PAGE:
Every Premier League Team's Biggest Regret as the Final Stretch Looms
As we enter the final stretch of the Premier League season, teams are beginning to look back at their campaigns and formulate the "what if?" questions.
For Tottenham Hotspur fans, firing Andre Villas-Boas seems a poor choice in hindsight, Crystal Palace could have arguably done with sacking Ian Holloway sooner, and Aston Villa will look back on some torrid home form and groan with despair.
What is your club's biggest regret of the 2013-14 season?
Arsenal: Not Signing a Striker
As the season has worn on, Arsenal's lightweight nature up front has really hit home.
The depth beyond Olivier Giroud is astonishingly poor, with Nicklas Bendtner not committed to the cause (or his own physical shape!) and Yaya Sanogo as raw as they come. Olivier Giroud's strong form has died off, and his lack of pace has become a real issue, too.
Arsene Wenger didn't have to sign Julian Draxler for €40 million, but he did have to sign someone to keep the title challenge alive. Injuries haven't helped, but control what you can.
Aston Villa: Shocking Home Form
Aston Villa sit 10th and that's perhaps the best they can hope for, because it's pretty obvious they're not one of the nine strongest clubs in the league.
But it could have been more. The club could have troubled Newcastle United and Southampton this season if their home form had been anything better than woeful for the majority of the season.
Recent victories over Norwich and Chelsea have shined a bad record; before that, Paul Lambert's club had won only three of his 15 games at Villa Park this season.
Cardiff City: Everything Vincent Tan-Related
For Cardiff City, the 2013-14 season represents a cacophony of errors most fans will not want to look back on.
Vincent Tan has been at the centre of it all, and should the club suffer relegation, he will be rounded upon in a fierce manner by loyal supporters who waited so long to taste Premier League action.
There's a strong feeling the owner has ruined the Bluebirds' EPL fantasy.
Chelsea: Not Signing That Striker
There are very few things for Jose Mourinho to regret this season, with his club odds-on favorite to win the Premier League title after losing the fewest amount of games (four) in the division so far.
But if Chelsea do slip up in the title race and lose out to one of their rivals, the question of why he tried to negotiate the season without a "proper" striker will be levied at him time and time again.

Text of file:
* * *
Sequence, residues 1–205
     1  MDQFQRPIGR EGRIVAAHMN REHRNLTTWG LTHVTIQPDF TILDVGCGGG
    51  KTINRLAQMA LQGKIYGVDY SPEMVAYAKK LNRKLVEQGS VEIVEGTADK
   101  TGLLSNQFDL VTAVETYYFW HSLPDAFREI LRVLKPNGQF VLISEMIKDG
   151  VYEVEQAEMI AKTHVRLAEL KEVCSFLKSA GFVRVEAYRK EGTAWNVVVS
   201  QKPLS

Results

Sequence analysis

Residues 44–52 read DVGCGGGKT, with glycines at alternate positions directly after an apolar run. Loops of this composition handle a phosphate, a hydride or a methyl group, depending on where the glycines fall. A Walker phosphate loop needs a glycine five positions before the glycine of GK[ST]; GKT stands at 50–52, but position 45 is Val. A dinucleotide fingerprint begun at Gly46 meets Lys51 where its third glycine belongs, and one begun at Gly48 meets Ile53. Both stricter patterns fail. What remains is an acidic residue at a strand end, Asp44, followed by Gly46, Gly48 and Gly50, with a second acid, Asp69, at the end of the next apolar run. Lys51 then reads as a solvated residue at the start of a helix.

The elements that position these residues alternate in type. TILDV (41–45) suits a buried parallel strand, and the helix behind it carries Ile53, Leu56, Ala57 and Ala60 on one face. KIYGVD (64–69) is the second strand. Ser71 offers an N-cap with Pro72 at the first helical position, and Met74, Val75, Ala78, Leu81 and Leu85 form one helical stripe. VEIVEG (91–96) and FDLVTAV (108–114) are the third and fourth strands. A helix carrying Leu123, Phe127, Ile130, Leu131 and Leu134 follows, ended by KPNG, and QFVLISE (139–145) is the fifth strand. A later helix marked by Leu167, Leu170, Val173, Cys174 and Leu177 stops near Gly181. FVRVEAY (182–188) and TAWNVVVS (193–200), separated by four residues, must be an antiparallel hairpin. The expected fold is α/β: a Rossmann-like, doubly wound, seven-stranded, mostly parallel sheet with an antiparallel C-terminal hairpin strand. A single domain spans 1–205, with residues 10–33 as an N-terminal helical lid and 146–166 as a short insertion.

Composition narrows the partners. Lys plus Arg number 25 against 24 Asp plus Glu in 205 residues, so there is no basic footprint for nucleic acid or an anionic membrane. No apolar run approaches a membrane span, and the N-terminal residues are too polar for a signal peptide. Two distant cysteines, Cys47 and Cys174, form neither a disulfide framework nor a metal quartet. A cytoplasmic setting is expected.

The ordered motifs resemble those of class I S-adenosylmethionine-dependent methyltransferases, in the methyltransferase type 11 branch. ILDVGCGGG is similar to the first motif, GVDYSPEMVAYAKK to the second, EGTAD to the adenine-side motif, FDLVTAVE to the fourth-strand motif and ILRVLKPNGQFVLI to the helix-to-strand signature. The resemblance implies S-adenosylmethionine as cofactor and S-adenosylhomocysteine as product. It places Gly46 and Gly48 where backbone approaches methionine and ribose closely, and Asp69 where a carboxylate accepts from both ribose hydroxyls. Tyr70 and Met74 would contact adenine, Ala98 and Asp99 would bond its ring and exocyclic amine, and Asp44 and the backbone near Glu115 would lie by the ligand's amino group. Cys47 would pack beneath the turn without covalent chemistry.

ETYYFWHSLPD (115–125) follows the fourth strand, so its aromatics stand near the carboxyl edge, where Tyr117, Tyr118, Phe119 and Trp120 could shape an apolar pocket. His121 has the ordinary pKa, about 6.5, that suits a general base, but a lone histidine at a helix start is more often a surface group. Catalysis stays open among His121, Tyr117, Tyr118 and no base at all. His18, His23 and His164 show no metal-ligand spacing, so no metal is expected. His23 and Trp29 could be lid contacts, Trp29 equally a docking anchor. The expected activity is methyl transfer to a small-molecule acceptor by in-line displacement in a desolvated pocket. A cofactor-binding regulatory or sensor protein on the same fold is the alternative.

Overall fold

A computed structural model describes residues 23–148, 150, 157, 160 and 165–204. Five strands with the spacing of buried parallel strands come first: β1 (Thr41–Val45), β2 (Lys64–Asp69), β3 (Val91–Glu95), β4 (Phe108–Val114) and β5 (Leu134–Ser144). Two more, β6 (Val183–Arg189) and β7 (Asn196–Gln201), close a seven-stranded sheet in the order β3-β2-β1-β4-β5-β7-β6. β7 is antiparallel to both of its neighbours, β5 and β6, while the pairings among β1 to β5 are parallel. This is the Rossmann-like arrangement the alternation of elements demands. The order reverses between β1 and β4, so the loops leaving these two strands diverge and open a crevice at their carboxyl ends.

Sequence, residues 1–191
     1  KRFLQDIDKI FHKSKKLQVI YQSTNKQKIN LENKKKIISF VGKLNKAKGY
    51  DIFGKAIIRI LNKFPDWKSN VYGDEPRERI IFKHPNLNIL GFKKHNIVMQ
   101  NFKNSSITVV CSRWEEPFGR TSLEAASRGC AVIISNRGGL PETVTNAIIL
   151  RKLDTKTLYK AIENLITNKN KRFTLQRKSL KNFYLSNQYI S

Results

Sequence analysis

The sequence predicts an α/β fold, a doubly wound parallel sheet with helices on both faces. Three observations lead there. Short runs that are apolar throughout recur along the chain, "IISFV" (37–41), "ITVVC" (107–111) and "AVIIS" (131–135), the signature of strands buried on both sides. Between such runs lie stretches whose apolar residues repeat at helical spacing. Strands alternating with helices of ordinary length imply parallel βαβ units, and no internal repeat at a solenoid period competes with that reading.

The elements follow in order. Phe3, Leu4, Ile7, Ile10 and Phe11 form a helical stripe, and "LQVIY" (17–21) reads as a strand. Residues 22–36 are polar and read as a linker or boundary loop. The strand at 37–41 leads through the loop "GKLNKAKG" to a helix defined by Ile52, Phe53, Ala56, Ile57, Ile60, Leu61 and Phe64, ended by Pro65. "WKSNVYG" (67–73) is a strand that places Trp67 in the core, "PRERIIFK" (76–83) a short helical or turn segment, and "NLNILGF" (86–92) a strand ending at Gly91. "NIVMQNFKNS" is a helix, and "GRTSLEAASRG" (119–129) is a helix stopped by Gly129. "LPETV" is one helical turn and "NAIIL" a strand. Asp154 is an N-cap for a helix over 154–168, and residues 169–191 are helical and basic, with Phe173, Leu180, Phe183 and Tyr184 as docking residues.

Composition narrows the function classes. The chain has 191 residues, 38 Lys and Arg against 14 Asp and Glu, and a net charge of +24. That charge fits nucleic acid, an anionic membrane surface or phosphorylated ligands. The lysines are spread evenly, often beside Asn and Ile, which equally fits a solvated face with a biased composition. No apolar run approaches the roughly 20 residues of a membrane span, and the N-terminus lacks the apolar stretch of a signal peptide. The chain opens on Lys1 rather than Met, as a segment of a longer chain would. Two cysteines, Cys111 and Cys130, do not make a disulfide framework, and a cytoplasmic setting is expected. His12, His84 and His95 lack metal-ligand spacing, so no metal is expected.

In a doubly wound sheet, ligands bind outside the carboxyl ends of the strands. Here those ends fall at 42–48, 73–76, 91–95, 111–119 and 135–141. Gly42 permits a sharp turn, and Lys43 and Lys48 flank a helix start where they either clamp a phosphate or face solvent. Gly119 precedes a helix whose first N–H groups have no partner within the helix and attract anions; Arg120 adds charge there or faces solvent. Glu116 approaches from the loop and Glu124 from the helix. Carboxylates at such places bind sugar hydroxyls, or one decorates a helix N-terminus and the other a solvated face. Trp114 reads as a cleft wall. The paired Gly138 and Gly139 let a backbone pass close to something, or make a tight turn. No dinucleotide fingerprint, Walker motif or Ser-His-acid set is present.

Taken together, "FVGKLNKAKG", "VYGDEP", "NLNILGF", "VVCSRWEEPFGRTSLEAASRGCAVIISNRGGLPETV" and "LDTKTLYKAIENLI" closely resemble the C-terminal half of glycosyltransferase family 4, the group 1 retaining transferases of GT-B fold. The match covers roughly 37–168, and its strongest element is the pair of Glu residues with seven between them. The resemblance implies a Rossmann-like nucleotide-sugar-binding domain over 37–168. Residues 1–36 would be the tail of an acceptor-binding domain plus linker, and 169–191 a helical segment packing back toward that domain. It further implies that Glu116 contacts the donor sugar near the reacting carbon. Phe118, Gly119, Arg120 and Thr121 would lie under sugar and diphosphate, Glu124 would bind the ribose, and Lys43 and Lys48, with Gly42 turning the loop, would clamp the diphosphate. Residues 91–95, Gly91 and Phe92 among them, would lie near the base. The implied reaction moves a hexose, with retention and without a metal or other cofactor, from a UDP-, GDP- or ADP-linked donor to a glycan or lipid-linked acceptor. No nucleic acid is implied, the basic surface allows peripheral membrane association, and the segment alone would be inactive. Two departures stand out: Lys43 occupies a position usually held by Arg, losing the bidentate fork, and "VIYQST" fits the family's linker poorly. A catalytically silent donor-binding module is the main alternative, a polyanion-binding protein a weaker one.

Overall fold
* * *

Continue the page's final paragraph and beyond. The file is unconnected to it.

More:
After all, he sent his best front man out on loan at the beginning of the season.
Crystal Palace: Not Sacking Ian Holloway Earlier
Crystal Palace fans are not convinced the club will stay up, but every neutral has them riding to safety in the safe arms of Tony Pulis and his staff.
Whether they achieve their goal of staying up or not, one thing will remain true: The club perhaps should have replaced Ian Holloway (four points from nine matches) with Pulis earlier in the season.
With more time the Welshman would have them on even more points (24 from 19 matches), leading to a potential scraping to safety if things go south from here or an even higher finish (prize money) if they continue current trajectory.
Everton: Lack of Striking Depth
Everton's top-four chase is pretty much done at this point, and you can't help but feel a lack of action in bringing in a (capable) backup striker to Romelu Lukaku is a key reason as to why.
Back in February the Toffees played superbly at White Hart Lane but lost 1-0 to Tottenham with Steven Naismith as an auxiliary No. 9. Lacina Traore sat on the bench unfit from a winter in Russia, and he's now torn his hamstring and probably won't play again this season.
Arouna Kone's ACL tear was a nightmare, but better precautions than Traore should have been taken.
Fulham: Flying Through Managers at a Rate of Knots
Fulham have been stuck in the bottom three for most of the Premier League season, and while some chairmen flinch and move to change things, Shahid Khan has taken that to a whole new level.
The Cottagers are on their third manager in Felix Magath, with the second installment (Rene Meulensteen) lasting just 74 days at the helm.
The players must be as confused as the fans are.
Hull City: Not Signing Shane Long Sooner
Hull City were close to a £5 million deal for Shane Long last summer, but West Bromwich Albion pulled out of the deal at the last second.
The Tigers finally snared their man in January, though, and the Irishman has performed very well since moving north.
His partnership with Nikica Jelavic—also a January acquisition—has made Hull a serious contender in the league, and Steve Bruce has done superbly to guide them this far.
Liverpool: Assessing the Full-Back Monstrosity
Jon Flanagan has been brilliant at both left- and right-back in recent months, truly locking down one of the berths in Brendan Rodgers' formation.
The other options, including Aly Cissokho, Glen Johnson and Jose Enrique, however, have been uninspiring to say the very, very least.
The Reds defence has been a concern all season, and with Johnson and Cissokho, the line was porous. No doubt it'll be fixed this summer, but if Rodgers' men miss the title this year, this is a big factor in play.
Manchester United: Hiring David Moyes
The 2013-14 season has been abysmal for Manchester United fans, with a 3-0 home loss to Liverpool last weekend crowning a new low for the club.
They sit in seventh place with just 48 points, well off the pace for UEFA Champions League football and can only conceivably regain it by winning this year's edition in unlikely fashion.